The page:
How to Send an Inmate Mail

By Angela M. Wheeland
Maintaining communication with family and friends is crutial to an inmate's rehabilitation.

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The Federal Bureau of Prisons encourages communication between inmates and their families and friends. It is important for inmates to maintain ties to the community while serving their sentence. This procedure aids in the inmate's rehabilitation and transition. To send an inmate mail, you must locate the institution or rehabilitation facility that is holding the inmate. Using the state's Department of Corrections or Federal Bureau of Prisons website, you can find the address of the institution and the inmate's ID or DOC number. This information is needed to communicate with an inmate.

Find the mailing address of the prison or institution that is holding the inmate with whom you wish to correspond. You can do this by searching the state's Department of Corrections website. If the inmate is in a federal prison, you can search the Federal Bureau of Prisons website. Enter the inmate's first and last name into the corresponding fields and press "Search." Alternatively, if you know the inmate's ID number, you can enter it into the field and press "Search." The locator will display a list of names. Click on the inmate's name and discover the prison or institution.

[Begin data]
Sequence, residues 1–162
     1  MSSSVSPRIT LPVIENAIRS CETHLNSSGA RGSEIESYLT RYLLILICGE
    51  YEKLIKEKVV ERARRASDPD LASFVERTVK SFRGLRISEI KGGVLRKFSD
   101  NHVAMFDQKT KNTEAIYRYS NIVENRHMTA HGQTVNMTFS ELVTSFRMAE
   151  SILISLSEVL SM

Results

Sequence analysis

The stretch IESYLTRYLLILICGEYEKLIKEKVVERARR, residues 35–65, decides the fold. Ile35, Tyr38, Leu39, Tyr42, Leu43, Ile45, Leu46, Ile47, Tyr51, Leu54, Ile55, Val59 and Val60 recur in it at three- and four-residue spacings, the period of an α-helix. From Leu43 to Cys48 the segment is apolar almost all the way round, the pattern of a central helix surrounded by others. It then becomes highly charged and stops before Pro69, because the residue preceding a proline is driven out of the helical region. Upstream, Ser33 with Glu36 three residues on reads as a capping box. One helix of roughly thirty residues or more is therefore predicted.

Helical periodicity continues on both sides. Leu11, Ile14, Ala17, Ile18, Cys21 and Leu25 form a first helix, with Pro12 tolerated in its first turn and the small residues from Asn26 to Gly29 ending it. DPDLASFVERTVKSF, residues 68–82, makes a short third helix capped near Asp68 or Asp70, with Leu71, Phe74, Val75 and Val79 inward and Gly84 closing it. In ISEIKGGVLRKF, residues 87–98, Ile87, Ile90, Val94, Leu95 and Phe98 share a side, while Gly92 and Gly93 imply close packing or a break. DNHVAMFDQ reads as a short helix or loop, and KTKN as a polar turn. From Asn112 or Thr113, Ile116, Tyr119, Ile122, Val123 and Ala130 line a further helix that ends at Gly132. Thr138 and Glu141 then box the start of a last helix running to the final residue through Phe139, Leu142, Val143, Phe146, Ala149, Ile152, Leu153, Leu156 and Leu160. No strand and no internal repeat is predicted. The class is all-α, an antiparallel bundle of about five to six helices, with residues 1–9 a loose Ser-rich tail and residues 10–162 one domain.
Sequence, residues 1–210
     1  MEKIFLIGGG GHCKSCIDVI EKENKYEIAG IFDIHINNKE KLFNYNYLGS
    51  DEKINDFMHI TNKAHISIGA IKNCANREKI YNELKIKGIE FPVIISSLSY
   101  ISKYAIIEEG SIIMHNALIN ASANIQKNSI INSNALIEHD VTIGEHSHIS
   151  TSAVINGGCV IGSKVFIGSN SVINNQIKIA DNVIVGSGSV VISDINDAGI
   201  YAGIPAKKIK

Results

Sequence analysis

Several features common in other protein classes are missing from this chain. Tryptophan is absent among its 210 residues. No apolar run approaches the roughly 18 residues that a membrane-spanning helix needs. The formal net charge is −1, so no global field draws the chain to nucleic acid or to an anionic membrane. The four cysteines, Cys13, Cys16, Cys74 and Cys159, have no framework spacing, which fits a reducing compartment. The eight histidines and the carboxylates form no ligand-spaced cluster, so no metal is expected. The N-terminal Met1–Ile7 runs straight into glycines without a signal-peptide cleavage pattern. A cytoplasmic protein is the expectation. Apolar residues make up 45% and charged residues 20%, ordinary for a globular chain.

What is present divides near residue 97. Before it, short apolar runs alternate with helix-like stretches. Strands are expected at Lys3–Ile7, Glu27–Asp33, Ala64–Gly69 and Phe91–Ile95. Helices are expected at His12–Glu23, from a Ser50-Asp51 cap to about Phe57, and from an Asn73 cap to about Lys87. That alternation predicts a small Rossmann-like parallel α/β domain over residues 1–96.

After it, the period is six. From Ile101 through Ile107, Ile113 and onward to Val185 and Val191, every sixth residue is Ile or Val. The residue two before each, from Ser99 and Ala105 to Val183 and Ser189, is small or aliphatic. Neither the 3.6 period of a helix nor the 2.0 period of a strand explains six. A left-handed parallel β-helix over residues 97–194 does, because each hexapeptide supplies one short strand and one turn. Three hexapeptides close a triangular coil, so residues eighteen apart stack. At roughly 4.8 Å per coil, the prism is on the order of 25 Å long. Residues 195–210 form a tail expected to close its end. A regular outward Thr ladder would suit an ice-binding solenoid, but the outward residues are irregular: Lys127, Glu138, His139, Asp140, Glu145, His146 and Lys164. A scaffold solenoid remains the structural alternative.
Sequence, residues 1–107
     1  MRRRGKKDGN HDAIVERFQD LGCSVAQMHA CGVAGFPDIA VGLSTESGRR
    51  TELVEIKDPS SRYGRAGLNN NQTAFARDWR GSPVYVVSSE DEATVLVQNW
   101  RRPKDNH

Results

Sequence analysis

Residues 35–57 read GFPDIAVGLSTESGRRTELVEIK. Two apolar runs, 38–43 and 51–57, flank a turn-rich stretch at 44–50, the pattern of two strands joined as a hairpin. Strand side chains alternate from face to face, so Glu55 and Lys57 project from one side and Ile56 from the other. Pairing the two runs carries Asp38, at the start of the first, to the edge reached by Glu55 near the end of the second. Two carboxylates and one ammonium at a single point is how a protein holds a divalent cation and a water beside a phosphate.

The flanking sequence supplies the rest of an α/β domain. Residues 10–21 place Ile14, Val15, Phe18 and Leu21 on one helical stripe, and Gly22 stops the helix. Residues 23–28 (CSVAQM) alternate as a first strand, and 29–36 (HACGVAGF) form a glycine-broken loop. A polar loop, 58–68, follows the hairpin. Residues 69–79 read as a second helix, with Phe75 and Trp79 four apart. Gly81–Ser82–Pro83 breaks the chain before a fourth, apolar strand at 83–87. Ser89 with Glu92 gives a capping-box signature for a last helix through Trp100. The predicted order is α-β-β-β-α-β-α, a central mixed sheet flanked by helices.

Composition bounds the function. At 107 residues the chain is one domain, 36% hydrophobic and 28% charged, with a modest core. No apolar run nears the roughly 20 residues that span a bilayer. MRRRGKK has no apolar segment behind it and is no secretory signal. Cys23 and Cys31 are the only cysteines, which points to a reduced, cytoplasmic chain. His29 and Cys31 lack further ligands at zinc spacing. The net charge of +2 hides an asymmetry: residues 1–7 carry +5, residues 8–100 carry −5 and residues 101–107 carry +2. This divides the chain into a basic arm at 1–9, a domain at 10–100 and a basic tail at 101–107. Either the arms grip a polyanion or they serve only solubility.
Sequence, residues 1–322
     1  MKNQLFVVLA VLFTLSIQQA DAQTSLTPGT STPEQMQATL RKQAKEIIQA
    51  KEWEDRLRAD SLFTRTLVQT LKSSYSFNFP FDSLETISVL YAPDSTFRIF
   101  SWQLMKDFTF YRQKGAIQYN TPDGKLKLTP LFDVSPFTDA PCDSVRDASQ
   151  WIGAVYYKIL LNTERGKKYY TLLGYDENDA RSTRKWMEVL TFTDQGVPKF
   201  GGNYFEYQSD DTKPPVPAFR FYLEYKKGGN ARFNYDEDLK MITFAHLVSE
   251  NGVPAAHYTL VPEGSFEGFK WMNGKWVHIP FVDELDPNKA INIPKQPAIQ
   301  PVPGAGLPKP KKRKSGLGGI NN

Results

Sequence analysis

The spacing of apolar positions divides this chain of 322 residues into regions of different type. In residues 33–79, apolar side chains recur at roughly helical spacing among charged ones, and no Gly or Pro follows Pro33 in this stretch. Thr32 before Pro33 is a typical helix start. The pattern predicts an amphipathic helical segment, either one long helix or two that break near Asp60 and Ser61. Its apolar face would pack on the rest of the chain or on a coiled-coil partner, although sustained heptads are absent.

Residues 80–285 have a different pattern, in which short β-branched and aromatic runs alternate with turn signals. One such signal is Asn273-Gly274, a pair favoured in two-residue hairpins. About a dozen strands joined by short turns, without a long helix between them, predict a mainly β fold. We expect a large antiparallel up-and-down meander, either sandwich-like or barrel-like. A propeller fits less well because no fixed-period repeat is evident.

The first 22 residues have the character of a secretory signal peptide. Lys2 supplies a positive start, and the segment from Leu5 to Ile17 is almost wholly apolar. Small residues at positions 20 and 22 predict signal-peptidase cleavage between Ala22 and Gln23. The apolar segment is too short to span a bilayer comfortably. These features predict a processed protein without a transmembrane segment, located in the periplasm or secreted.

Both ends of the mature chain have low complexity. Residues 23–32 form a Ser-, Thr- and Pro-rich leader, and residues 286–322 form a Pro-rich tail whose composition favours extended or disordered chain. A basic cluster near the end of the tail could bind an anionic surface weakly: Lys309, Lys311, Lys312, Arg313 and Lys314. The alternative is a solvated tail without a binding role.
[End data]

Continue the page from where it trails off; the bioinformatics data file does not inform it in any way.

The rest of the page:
Write a letter to the inmate and realize that staff of the prison or institution will read the mail. If the mail contains any illegal or suspicious information, the inmate will not receive the letter.

Address the envelope using the following information:

Inmate's full name and ID or DOC number

Institution or Prison name

Mailing address or post office box

City, state, zip code

Place a stamp on the envelope and mail the letter using the U.S. Postal Service. Most prisons or institutions only allow inmates to receive mail through the U.S. Postal Service.

About the Author

Angela M. Wheeland specializes in topics related to taxation, technology, gaming and criminal law. She has contributed to several websites and serves as the lead content editor for a construction-related website. Wheeland holds an Associate of Arts in accounting and criminal justice. She has owned and operated her own income tax-preparation business since 2006.

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